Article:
The applicant, who was engaged by the Seven Network as a contestant on its program House Rules, established that she was an employee of the Seven Network, following which, it was found her employment was the significant contributing factor giving rise to her psychiatric injury.
Whether Seven Network 'employed' TV show contestants.
The applicant was engaged by Seven Network to participate as a contestant on the television programme House Rules. The applicant was a part of the show from 7 November 2016 to 26 May 2017, during which period she was remunerated by the Seven Network at a flat rate of $500 per week with an additional allowance of $500 per week.
Throughout the applicant's involvement in House Rules she alleged she and her partner on the show were subjected to isolation, bullying by co-competitors and harassment. The applicant alleged that Seven Network portrayed her and her partner as bullies which also led to online abuse and threats by viewers on Seven Network's social media pages. The applicant alleged Seven Network failed to take any action after she brought the online abuse to its attention. As a result, the applicant alleged she developed psychological injuries including an adjustment disorder, anxiety, depression and post-traumatic stress disorder.
The applicant submitted a workers' compensation claim against Seven Network. Seven Network's insurer denied liability on the basis that the applicant was not a worker under section 4 and schedule 1, clause 15 of the Workplace Injury Management and Workers Compensation Act 1998 (the Act), she did not suffer a psychological injury in the course of employment as required under the Act, and the employment was not a substantial contributing factor to the alleged injury.
In support of her claim, the applicant relied on the agreement between herself and Seven Network which gave rise to an obligation for her to be subject to the control of Seven Network at all times for the period of the agreement, therefore providing a service and creating an employer/employee relationship. Further, she argued expert medical evidence established her psychological injury, and that the injury arose from her employment.
On the other hand, Seven Network argued that a 'contestant' was not a 'worker' and relied on paragraph 3.7 of the agreement, which stipulated that the applicant's participation in the show 'was not employment, does not create an employer/employee relationship... and is not subject to … workplace agreement.' Seven Network argued that it required no service from the applicant, rather the applicant chose to participate in a competition, and therefore no employment relationship was formed. If it was found an employment relationship existed, then Seven Network argued no injury arose out of such employment.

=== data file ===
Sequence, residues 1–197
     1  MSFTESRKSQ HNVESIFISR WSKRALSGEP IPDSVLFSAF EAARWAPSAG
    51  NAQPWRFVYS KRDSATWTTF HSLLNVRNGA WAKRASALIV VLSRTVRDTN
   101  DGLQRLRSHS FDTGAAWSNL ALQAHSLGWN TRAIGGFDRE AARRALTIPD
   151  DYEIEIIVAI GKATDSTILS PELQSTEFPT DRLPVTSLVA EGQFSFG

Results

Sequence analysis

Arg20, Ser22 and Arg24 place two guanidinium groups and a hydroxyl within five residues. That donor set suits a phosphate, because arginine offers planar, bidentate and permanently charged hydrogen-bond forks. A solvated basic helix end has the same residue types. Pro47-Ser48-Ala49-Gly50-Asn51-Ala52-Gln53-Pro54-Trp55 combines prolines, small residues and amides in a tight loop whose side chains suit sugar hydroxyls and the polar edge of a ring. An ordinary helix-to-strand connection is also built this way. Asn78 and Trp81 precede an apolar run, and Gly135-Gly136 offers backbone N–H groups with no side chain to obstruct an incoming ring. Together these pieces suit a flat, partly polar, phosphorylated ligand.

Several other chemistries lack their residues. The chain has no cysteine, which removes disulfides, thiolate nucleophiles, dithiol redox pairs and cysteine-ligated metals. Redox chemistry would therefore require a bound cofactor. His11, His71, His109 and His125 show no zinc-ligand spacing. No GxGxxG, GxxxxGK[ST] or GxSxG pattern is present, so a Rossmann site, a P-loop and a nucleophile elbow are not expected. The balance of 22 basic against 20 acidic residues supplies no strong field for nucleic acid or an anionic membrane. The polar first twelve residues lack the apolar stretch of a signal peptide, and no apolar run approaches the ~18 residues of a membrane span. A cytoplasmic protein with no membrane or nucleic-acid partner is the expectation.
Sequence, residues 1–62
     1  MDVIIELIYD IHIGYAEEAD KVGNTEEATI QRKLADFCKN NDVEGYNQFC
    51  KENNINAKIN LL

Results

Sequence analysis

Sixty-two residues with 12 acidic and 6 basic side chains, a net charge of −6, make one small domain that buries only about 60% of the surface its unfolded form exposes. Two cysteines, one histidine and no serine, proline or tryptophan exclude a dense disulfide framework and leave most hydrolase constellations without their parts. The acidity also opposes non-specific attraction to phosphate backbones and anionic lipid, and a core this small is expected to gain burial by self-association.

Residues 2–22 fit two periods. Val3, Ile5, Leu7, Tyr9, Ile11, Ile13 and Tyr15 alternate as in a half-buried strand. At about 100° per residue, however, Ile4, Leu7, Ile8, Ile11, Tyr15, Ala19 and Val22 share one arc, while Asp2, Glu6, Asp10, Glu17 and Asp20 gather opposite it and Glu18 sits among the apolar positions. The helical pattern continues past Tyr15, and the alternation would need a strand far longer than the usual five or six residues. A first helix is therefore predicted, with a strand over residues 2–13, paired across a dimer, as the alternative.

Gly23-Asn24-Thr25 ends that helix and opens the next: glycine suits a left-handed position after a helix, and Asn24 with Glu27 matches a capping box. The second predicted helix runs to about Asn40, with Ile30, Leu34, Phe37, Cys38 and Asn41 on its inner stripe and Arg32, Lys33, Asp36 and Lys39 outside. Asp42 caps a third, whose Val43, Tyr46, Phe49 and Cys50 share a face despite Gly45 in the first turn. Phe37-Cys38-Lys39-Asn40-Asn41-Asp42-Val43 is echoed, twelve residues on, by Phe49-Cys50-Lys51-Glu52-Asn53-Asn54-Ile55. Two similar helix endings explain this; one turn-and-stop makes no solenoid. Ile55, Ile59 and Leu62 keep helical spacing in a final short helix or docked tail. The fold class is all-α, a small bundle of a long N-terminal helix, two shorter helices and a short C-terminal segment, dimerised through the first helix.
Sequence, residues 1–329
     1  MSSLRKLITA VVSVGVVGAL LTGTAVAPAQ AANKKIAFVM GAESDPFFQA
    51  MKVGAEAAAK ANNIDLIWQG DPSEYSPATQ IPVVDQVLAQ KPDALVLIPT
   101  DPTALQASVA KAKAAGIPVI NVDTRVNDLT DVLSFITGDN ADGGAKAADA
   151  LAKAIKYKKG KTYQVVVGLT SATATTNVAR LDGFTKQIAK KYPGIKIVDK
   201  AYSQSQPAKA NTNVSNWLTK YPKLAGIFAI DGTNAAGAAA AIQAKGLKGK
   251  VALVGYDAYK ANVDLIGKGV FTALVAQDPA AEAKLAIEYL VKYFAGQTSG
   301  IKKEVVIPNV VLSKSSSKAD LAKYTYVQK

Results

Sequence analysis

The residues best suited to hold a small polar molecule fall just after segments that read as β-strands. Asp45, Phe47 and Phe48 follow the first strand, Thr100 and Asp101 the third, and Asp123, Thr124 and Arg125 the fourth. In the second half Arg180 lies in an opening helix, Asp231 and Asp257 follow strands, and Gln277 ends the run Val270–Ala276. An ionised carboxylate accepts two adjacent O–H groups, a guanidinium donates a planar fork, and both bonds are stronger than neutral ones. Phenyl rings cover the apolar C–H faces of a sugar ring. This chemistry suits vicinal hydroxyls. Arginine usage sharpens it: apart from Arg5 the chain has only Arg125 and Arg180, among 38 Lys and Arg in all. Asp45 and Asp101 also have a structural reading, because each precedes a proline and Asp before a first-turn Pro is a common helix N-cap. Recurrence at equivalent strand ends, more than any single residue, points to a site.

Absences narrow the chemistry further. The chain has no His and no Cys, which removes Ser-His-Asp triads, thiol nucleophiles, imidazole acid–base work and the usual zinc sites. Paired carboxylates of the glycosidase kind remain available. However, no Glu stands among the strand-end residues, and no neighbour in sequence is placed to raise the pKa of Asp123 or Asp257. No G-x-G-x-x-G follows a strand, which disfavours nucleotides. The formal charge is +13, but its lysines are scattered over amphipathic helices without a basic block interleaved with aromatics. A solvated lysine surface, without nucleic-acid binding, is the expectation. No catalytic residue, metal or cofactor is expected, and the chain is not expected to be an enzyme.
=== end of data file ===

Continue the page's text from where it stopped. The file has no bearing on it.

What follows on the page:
The decision of the Commission
Arbitrator Burge accepted that the applicant was a 'worker' under the Act on the basis that she was receiving weekly remuneration and allowance set by Seven Network, was integral in the show, Seven Network had exclusive use of the applicant for every hour of every day when the show was being filmed, the applicant's activities were completed at the direction of Seven Network and her actions were for the benefit of Seven Network among other factors.
Arbitrator Burge also accepted the applicant sustained a psychological injury as alleged, and that the employment was the main contributing factor to the injury.
Arbitrator Burge determined that Seven Network was to pay the applicant's reasonably necessary expenses and the applicant was to be referred to an Approved Medical Specialist for assessment of a permanent impairment.
Implications for you
The take away point from this case is for employers to be wary of the nature of the relationship it may create by its actions alone, even if it has in place an agreement which explicitly states that an employer/employee relationship does not arise.